11 Cf. Elliott, “The Limits of Tartary: Manchuria in Imperial and National Geographies”, pp. 624–626.

12 Cf. S. Gorshenina, L'invention de l'Asie centrale: histoire du concept de la Tartarie à l'Eurasie, p. 273; see also Elliott, “The Limits of Tartary: Manchuria in Imperial and National Geographies”, pp. 624–626.

13 The “Epistola Asiatica” was written by Emanuelis Nobrega in 1552, Epistolae Indicae et Iapanicae de multarum gentium ad Christi fidem, per Societatem Iesu conversione. Item de Tartarorum potentia, moribus, & totius pene Asiae religione, Lovanii (Leuven/Louvain): apud Rutgerum Velpium Sub Castro Angelico, 1570, pp. 311–312.

14 The sources used by Ricci have been analysed by Pasquale M. D'Elia, Il mappamondo Cinese del P. Matteo Ricci S.I.: Terza ed., Pechino, 1602: Conservato presso la Bibioteca Vaticana, Città del Vaticano: Biblioteca Apostolica Vaticana, 1938, pp. 169–177.

15 Giulio Aleni, Geografia dei paesi stranieri alla Cina. Introduzione, traduzione e note di Paolo De Troia, Brescia: Fondazione civiltà bresciana, 2009.

16 See D. Antonucci, “La Tartaria nelle fonti dei missionari gesuiti in Cina tra il XVI e XVII secolo”, in: P. De Troia (a cura di), La Cina e il Mondo. Atti del XI Convegno dell'Associazione Italiana di Studi Cinesi, Roma 22–24 Febbraio 2007, Roma: Edizioni Nuova Cultura, 2010, pp. 15–17; Idem, “The Jesuits' Contribution to the Knowledge of Tartary: a Research Project”, p. 231.

17 M. Martini, Bellum Tartaricum, or The Conquest of the Great and Most Renowned Empire of China By the Invasion of the Tartars, Who in These Last Seven Years, Have Wholly Subdued That Vast Empire. The English translation is added to Alvaro Semedo, The History of That Great and Renowned Monarchy of China …, London: printed by E. Tyler for Iohn Crook, 1655, p. 255. The Latin text runs as follows: Tartaros autem voco gentem illam, quae ad partes Septemtrionales sita est, ultra famosum murum Sinarum, ab Occasum in Ortum extensum, quo, per trecenta & plura milliaria Germanica continuata quasi fere extructo, excludepatur, ne Sinicum Imperium invaderet. Gentem hanc Sinae ipsi, iam ab antiquis temporibus ob litterae R defectum Tata vocant. Ea veterem Tartariam, tum Orientalem hactenus Europaeis ignotam, tum Occidentalem incolit; ubi Samahania, Tanyu, Niuche, Niulhan & similia gentis Regna, a minore Tartaria …, De Bello Tartarico Historia, editio altera, recognita & aucta, Antverpiae: Ex Officina Plantiniana, 1654, pp. 19–20.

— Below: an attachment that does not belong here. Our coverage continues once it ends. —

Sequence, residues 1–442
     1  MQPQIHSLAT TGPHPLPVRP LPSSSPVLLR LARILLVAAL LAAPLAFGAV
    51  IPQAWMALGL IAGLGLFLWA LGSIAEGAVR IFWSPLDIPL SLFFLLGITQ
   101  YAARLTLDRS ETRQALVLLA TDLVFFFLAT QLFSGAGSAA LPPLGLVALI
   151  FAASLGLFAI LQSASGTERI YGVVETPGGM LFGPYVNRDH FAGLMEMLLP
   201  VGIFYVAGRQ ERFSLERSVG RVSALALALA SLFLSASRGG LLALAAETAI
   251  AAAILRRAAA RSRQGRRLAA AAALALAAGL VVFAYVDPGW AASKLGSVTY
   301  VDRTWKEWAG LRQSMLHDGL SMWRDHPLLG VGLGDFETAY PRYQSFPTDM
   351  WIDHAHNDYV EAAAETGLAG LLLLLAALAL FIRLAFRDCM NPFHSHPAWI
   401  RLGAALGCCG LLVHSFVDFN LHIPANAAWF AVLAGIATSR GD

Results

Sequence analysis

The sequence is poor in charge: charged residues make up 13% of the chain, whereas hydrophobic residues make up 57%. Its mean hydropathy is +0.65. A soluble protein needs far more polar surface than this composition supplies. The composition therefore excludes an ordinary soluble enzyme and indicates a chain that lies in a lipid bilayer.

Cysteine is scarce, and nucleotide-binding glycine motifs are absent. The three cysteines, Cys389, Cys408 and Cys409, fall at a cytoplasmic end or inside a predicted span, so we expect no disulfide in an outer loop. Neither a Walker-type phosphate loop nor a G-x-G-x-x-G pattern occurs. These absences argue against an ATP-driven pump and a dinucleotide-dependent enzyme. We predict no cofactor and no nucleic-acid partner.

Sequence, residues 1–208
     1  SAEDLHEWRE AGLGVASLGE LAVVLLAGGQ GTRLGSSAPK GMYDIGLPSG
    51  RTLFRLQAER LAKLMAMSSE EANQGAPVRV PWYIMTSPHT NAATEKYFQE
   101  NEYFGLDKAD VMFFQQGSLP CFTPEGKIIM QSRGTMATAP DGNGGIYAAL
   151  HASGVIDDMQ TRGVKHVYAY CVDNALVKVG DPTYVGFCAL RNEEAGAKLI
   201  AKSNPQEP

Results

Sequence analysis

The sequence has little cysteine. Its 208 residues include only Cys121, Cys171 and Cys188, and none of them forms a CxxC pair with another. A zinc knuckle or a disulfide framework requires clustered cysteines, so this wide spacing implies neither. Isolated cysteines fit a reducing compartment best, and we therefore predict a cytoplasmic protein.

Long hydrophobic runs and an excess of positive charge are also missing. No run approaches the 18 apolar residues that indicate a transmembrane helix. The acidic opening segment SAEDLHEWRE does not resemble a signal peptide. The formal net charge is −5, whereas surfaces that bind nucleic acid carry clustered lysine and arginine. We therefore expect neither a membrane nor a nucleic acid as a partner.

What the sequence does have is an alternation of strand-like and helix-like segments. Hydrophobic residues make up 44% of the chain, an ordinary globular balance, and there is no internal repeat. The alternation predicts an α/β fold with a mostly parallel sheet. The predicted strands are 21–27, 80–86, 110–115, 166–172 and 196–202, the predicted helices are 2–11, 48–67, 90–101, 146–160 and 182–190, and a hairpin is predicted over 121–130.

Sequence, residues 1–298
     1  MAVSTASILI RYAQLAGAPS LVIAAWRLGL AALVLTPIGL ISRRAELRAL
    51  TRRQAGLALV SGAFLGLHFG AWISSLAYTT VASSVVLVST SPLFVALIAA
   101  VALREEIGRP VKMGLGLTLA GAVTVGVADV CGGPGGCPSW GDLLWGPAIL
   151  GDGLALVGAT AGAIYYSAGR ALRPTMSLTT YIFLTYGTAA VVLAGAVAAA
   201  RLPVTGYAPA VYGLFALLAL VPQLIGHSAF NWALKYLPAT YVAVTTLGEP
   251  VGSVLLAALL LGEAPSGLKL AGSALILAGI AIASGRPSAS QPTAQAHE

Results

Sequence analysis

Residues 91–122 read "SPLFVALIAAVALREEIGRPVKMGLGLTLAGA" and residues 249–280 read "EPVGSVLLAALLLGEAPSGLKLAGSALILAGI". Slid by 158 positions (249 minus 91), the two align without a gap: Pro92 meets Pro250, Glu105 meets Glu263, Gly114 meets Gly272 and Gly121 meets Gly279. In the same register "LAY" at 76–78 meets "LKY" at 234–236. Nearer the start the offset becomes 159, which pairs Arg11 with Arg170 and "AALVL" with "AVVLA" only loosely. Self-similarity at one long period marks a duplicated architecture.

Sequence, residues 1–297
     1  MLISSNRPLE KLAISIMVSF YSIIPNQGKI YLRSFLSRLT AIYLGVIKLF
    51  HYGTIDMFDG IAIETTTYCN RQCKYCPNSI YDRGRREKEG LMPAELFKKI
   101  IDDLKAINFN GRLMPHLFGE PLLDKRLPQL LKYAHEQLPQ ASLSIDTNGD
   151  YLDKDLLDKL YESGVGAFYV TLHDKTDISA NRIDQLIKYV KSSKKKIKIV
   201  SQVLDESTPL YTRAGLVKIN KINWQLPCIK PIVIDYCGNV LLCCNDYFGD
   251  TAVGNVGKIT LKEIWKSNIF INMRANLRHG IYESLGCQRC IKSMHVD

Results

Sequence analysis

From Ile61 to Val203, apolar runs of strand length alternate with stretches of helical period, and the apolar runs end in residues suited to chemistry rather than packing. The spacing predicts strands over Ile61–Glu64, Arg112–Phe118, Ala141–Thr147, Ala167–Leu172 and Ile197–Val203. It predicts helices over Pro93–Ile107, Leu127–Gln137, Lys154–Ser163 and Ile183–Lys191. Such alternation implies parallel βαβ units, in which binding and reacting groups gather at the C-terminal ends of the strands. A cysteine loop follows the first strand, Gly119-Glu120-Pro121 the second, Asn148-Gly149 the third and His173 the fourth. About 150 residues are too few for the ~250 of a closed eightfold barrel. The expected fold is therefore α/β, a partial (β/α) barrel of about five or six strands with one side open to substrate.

18 The chapter is entitled De Orientali Tartaria, pp. 18–21. Moreover, according to Martini the Niulhan (i.e. Nüergan 女兒干) and the Yupi (Yupi 魚皮) are also Tartars tribes living in the northeast of Manchuria. A critical edition with an Italian translation of the Novus Atlas Sinensis was edited by G. Bertuccioli, in Martino Martini S.J. Opera Omnia, vol. III, Novus Atlas Sinensis, Trento: Università degli Studi di Trento, 2002.

19 Martini, Novus Atlas Sinensis, p. 18.

20 Ipsisque Tartarorum, quibus cum apud Sinas frequenter egi, narrationibus addam …, Novus Atlas Sinensis, p. 18.

21 Ibid., p. 19.

22 D. Antonucci, “Some Notes from Western Sources on Galdan”, Études Orientales, 25/1 (2008), p. 37.